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Wetherspoon’s Could Raise Drinks Prices To Cover Higher Wages



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Tim Martin 

Wetherspoon’s customers could see a rise in drinks prices as the chain attempts to cover some of the costs of higher wages, boss Tim Martin has said.

Martin made the admission in a trading update published on Wednesday morning, which also reveals that the company has seen a 6.2% sales increase in the last quarter.

But in September, Wetherspoons announced that it would be moving its annual pay award forward by six months and as of this month, they have begun paying all staff over 18 a starting rate of £8.35 per hour, with a £1 per hour premium for overnight shifts.

Addressing the additional costs this will lead to, Martin wrote in the update: “Having had several recent years of record profits, we are not immediately seeking to recoup these increased costs through higher pricing or ‘mitigation’, but will review that during the year.”

Martin also used the update to warn shareholders that Wetherspoon’s expects its year-on-year profits to drop.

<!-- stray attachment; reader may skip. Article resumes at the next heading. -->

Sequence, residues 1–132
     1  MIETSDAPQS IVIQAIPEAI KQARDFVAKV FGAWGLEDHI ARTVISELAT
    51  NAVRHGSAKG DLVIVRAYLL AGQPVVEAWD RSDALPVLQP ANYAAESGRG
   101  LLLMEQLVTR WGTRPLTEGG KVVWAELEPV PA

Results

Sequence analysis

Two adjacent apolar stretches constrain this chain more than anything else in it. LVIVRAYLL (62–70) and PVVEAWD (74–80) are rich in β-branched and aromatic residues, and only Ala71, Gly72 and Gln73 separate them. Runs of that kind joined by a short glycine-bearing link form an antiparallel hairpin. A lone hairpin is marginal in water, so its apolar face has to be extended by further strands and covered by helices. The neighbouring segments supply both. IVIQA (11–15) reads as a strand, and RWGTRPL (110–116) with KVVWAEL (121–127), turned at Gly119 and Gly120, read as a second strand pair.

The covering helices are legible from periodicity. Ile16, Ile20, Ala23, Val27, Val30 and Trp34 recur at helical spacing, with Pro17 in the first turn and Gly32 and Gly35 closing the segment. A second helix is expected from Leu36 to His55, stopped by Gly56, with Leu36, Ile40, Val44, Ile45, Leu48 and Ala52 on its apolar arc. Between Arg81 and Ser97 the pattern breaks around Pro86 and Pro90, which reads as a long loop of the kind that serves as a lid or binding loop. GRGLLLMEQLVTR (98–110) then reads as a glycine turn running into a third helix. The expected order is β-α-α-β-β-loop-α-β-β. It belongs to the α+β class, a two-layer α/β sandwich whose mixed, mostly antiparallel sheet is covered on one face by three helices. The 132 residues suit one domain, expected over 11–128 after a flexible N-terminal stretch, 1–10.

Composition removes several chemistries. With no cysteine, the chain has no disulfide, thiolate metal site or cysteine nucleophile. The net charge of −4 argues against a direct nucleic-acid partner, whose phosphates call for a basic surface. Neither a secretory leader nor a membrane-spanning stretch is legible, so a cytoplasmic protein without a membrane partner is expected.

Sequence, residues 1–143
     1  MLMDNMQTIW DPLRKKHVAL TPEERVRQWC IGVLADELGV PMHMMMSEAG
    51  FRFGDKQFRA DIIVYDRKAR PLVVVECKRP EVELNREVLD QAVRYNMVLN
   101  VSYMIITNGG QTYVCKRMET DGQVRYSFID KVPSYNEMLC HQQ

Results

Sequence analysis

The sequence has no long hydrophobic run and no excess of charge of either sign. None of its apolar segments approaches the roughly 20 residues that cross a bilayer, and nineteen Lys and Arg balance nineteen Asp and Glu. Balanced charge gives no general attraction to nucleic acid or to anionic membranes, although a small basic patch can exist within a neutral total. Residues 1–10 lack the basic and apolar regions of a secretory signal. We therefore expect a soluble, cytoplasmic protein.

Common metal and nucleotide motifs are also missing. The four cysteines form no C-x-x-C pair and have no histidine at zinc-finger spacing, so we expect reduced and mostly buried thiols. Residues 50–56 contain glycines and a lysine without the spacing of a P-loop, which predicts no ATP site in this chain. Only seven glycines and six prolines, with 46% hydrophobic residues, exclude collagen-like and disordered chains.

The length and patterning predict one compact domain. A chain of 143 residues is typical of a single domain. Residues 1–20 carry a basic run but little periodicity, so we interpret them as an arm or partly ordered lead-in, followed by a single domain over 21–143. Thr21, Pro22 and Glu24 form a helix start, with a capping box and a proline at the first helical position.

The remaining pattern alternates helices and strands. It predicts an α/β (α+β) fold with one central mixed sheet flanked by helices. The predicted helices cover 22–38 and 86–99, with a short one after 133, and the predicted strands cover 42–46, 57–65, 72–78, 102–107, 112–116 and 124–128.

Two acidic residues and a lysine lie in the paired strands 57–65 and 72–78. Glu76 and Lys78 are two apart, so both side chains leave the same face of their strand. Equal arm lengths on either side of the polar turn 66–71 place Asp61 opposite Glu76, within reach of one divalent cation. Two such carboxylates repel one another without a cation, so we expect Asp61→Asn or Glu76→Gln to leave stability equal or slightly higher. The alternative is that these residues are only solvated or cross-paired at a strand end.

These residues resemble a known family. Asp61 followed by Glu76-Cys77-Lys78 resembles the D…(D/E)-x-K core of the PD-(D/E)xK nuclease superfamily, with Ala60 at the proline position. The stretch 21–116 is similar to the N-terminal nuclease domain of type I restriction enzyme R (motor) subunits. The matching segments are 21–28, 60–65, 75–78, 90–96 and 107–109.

“It is difficult to be too precise at this early stage of the current financial year, but we now expect a trading outcome slightly below that achieved in the previous financial year,” he said.

The change to the pay award date came following a threat of industrial action from staff in the chain’s two Brighton branches, who in September mounted a campaign for union recognition and a pay rise to £10 per hour.

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Wetherspoons staff from two pubs went on strike last month 

After balloting union members, bar and kitchen workers from the Bright Helm and Post And Telegraph pubs went on strike in October.

The walk-out marked the first time in Wetherspoon’s history that its workers have taken part in industrial action and one worker told HuffPost UK that the staff were sick of “doing a physically and emotionally exhausting job, for wages most of us can just survive on″.

“I’m paying extortionate rents for squalid, shared accommodation and it’s a job that’s physically and emotionally exhausting,” Chris Heppell, 29, said.

“Anyone who has worked in hospitality will know it’s a demanding job to do and we get very little from a company that makes millions from our hard work.”

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